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Stefan Lieser

Mutation testing and continuous integration

The Clean Code Developer Initiative names the following Principles also various Practicesthat a team should apply. These include

Together, these four practices make a very important contribution to the value of correctness. The integration and unit test practices ensure automated tests. Coverage analysis ensures that the test coverage is sufficiently high. Finally, the continuous integration process ensures that tests and coverage analysis are executed fully automatically across the entire code of the project. The following section uses a small example project in C# to show how coverage analysis and continuous integration can be set up in concrete terms. This includes Stryker Mutator and GitLab are used as tools. 

Mutation testing for coverage analysis

I have already published an article about Stryker Mutator as a tool for coverage analysis in dotnetpro (see https://www.dotnetpro.de/tools/testing/mutanten-kommen-killt-2402511.html). The idea behind it is simple:

  • Change the code in one place (e.g. ">" to ">=" or "+" to "-")
  • Run all tests
  • If no test goes red, a gap has been found in the test coverage

Stryker Mutator is available for JavaScript, C# and Scala. Suitable tools can also be found for other languages.

Continuous Integration

Stryker Mutator zur Coverage Analyse

I implemented the fourth module, Continuous Integration, using GitLab as an example. I stored a sample project in C# there and then configured the CI process. In principle, the process is simple: in the root directory of the GitLab project, you create the file .gitlab-ci.yml to. This is responsible for the configuration of the CI pipeline. In detail, however, it can be a little time-consuming to gather all the details and adjust them until everything runs as desired. It is important that you always execute the commands locally on your own computer first. As long as the command does not work locally, you should not enter it in the CI. There you wait longer for the result, so that you can make faster progress locally.

The CI process runs in GitLab in Docker containers. You can either use GitLab's own infrastructure and receive 400 minutes of CI/CD time in the free plan. A runner for executing the CI pipeline can also be installed on your own machine with very little effort. Of course, a cloud server can be used for this. I got it up and running in minutes with an IONOS Cloud Server. Instructions for Ubuntu can be found here, for example: https://lindevs.com/install-gitlab-runner-on-ubuntu/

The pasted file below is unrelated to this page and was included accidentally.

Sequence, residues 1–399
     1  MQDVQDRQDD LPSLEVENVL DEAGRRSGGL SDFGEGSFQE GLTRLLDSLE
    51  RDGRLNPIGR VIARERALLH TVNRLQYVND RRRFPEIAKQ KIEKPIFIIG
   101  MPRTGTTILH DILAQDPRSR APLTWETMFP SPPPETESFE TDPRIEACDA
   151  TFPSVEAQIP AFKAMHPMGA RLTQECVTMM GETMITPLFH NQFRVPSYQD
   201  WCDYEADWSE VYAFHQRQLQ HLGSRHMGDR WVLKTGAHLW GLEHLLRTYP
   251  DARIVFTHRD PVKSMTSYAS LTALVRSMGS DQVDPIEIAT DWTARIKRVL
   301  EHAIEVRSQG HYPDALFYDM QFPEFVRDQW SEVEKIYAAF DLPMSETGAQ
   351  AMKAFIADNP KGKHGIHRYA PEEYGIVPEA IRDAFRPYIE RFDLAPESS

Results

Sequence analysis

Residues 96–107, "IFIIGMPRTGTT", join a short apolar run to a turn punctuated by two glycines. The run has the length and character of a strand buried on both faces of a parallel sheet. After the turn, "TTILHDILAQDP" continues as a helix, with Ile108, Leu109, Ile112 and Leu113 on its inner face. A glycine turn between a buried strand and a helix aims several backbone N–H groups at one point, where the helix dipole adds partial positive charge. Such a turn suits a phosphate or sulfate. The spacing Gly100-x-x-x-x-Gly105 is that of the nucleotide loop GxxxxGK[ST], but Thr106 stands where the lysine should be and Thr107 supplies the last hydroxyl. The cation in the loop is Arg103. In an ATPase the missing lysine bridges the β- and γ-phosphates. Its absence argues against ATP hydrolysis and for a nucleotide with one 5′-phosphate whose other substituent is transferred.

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execute dotnet-stryker

My example project should use the command dotnet-stryker execute. As the tool is not part of the standard scope of the Docker image dotnet/sdk, it must first be installed. The path must then be exported so that the program can be found. The following listing shows the complete CI configuration of the example. I will certainly continue working on it after this article is published.

					image: mcr.microsoft.com/dotnet/sdk:latest
    - build
    - test

    stage: build
        - dotnet --version
        - dotnet build

    stage: test
        - dotnet tool install -g dotnet-stryker
        - export PATH="$PATH:/root/.dotnet/tools"
        - cd mutation.tests
        - dotnet-stryker --break-at 95
        paths: [mutation.tests/StrykerOutput]
        untracked: false
        expire_in: 2 days

The entire project is available in a public repository at GitLab:


Line 1 defines which Docker image is to be used for the stages. In this case, it is the official .NET Core 6.0 SDK image (with "latest" currently 6.0.3 is pulled). The SDK is required so that the compiler and build system are available.

The following lines 2-4 define the two stages "build" and "test". This also determines the order in which they are executed. The definitions of the stages then follow.

The "build" stage first shows which .NET version is being used (line 9). This could be helpful later when troubleshooting. The "dotnet build" command is then executed to compile the project. Ultimately, this simply ensures that the tests are only executed when the project can be built. In real CI pipelines, artifacts would be created and stored here, e.g. NuGet packages or Docker images.

The "test" stage from line 12 initially installs dotnet-stryker as a tool. So that the command can be found later, the path is entered with export is appended (line16). The "cd" command then changes to the directory in which the test project is located. Finally, dotnet-stryker is executed there. The parameter "-break-at 95" forces the build step to fail if less than 95% of the mutations survive.

Finally, the report that dotnet-stryker creates is stored as an artifact so that it can be downloaded if required. This step can certainly be configured even more elegantly so that the report, an HTML file, can be viewed directly in GitLab.


The combination of automated tests, coverage analysis and CI is a powerful tool for ensuring correctness. A configuration is currently still missing to integrate the TestContainers into the GitLab CI process. We will stay tuned...

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